ABC presenter loses work compensation claim

A recent court ruling has put the spotlight on injury claims arising when employees work from home

ABC presenter loses work compensation claim
Maryann Demasi, host of ABC television program Catalyst, has lost a claim for workers’ compensation after breaking her hip two years ago while going for a morning run.
 
The case sheds light upon whether government employees are entitled to compensation if injured while working at home – especially if the injury happens to occur outside of the home environment.
 
Demasi suffered the injury during a morning jog on January 2014. She claimed she should receive compensation from federal workplace insurer Comcare as she was working from home at the time.
 
After examining the evidence, deputy president Stephen Frost of the Administrative Appeals Tribunal rejected Demasi’s claims.
 
The final judgment hinged on Section 6(1)(b) of the Safety, Rehabilitation and Compensation Act 1988 which stated that an injury sustained in the course of employment may be seen as occurring during work if:
  • The employee was at their ‘place of work’ or,
  • Was temporarily absent during an ‘ordinary recess’
Frost acknowledged that Demasi’s home was a ‘place of work’ due to the prior arrangement she had made with her employer
 
“The simple fact is that the employer and employee had an arrangement in place that was well understood by both of them, even if it was not strictly in compliance with the formal requirements. Ms Demasi had told her manager that she would be working from home that day. Her manager was not troubled by that arrangement.”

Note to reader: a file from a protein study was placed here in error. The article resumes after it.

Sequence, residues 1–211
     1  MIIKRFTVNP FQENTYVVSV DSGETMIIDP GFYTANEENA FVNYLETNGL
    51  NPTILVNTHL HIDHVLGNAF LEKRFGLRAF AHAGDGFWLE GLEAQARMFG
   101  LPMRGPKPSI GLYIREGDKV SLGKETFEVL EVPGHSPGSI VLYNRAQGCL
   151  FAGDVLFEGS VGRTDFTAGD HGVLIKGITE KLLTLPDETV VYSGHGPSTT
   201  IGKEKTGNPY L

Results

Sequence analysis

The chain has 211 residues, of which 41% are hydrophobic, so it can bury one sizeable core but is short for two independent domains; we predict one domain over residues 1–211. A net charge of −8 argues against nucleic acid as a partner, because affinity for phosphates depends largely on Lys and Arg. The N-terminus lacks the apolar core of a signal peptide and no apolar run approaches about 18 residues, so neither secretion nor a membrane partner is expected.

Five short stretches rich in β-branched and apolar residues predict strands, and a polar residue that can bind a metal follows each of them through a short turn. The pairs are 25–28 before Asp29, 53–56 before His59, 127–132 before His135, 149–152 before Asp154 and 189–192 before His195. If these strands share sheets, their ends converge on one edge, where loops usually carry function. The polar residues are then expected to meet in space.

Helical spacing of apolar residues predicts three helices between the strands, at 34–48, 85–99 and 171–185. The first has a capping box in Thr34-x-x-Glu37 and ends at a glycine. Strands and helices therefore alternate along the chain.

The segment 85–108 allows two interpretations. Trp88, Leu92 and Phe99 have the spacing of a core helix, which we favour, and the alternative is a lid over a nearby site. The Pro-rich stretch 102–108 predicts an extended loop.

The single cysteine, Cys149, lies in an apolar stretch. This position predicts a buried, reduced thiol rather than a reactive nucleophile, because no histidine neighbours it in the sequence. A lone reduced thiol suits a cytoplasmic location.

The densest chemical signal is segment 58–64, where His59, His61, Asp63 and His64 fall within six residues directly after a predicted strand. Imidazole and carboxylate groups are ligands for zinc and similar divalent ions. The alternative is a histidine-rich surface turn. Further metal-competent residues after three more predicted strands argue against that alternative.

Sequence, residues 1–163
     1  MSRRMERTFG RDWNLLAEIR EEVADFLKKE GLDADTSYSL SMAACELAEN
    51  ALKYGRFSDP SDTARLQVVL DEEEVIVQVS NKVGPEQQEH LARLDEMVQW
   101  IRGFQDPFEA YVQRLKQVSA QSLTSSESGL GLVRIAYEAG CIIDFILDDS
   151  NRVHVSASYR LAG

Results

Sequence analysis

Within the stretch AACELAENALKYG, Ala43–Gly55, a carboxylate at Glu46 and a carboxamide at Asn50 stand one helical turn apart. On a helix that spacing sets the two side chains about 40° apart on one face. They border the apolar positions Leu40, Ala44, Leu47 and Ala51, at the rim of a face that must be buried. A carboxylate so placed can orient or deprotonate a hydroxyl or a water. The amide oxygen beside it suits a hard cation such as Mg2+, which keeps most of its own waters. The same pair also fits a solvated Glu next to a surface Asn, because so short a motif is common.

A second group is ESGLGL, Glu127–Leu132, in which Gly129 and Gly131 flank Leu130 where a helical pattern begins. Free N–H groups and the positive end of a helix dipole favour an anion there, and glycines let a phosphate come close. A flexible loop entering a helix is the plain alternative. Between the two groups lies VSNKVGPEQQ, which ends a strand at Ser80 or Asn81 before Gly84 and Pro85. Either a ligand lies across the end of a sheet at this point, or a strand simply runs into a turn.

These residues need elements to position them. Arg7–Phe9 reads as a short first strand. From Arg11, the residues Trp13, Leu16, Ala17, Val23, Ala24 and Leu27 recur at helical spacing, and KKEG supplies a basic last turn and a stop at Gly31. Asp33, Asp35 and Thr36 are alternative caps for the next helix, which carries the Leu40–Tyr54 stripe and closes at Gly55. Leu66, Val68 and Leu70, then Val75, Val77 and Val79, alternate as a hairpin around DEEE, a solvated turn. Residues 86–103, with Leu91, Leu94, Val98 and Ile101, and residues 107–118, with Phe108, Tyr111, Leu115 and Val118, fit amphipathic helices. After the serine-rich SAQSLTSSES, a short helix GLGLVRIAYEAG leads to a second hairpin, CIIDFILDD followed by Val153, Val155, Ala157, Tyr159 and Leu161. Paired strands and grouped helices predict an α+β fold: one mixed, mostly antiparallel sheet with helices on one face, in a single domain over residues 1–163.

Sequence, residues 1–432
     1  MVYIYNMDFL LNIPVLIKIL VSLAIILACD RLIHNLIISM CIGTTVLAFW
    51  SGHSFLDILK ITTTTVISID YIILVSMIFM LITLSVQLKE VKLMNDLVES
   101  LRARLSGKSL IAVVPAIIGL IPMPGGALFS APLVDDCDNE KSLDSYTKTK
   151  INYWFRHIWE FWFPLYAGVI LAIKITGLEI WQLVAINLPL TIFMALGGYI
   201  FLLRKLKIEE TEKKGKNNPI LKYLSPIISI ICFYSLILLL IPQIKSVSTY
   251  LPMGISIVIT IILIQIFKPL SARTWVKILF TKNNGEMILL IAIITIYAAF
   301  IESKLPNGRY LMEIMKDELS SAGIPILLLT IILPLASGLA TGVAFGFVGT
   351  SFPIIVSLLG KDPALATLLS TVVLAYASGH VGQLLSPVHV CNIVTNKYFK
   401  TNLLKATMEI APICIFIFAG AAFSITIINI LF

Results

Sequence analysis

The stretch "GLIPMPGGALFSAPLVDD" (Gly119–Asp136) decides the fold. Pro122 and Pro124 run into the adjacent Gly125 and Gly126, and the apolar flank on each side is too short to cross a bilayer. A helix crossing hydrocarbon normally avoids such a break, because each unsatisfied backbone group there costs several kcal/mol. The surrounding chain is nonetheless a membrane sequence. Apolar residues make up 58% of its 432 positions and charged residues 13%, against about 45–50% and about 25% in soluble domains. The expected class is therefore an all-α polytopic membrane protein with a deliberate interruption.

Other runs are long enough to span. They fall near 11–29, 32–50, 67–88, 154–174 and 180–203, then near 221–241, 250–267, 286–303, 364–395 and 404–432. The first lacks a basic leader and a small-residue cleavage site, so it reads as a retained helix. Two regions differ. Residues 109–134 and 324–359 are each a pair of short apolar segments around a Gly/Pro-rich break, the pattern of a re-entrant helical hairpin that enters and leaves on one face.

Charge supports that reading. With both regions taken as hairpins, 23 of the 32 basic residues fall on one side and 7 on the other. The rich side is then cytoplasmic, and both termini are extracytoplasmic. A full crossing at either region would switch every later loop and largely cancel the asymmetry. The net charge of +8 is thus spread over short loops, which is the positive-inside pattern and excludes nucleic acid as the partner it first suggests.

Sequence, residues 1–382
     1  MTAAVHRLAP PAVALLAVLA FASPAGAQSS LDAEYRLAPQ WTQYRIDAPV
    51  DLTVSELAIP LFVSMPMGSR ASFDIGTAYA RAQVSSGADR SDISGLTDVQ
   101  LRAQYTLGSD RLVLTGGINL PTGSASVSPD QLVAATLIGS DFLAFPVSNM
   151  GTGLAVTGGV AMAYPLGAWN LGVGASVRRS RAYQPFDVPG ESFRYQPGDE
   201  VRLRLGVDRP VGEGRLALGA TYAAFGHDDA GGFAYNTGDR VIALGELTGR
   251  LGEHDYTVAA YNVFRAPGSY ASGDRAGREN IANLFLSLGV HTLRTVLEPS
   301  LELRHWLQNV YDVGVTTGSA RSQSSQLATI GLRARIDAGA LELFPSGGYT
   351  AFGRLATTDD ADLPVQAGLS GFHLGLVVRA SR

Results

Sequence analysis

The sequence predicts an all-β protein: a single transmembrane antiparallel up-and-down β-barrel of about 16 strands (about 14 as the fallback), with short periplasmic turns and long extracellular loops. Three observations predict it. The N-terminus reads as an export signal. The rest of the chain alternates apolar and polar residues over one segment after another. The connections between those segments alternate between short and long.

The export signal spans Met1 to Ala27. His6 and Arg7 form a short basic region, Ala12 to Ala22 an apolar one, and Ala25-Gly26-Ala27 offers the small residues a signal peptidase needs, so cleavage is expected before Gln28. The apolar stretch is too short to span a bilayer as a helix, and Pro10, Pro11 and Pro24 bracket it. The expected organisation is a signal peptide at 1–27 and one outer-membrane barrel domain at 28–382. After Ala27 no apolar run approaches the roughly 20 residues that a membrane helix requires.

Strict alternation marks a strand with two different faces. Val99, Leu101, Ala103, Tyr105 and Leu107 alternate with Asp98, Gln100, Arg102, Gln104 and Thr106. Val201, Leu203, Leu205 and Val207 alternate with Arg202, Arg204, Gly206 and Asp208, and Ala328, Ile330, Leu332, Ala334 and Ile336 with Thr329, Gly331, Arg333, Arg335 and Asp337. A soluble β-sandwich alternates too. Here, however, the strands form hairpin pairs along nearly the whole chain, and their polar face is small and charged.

However, Frost ultimately rejected the compensation claim, saying that Demasi was not on an ‘ordinary recess’ during her morning jog. He was careful to point out though that taking a run during a lunch break could still be seen as occurring during these ‘ordinary recess’ periods.
 
“I would have thought it is beyond argument that going for a run during one’s lunch break is doing something ‘during an ordinary recess’ in one’s employment. But taking a break for the specific purpose of going for a run, at any random time of the day, is in a different category.”
 
Therefore, a run at 9.30am in the morning was to be treated differently as one taken at lunchtime, he said, as the latter was undertaken during an ‘ordinary recess’ while exercise done on an ad hoc basis was not.
 
“I conclude that Ms Demasi’s injury was not sustained during an ordinary recess in her employment.”
 
Related stories:
 
Threat of Canberra relocation sees worker awarded compensation
 
FWC orders compensation for “huddle”-avoiding employee
 
Running for the phone at home considered a "work-related" accident

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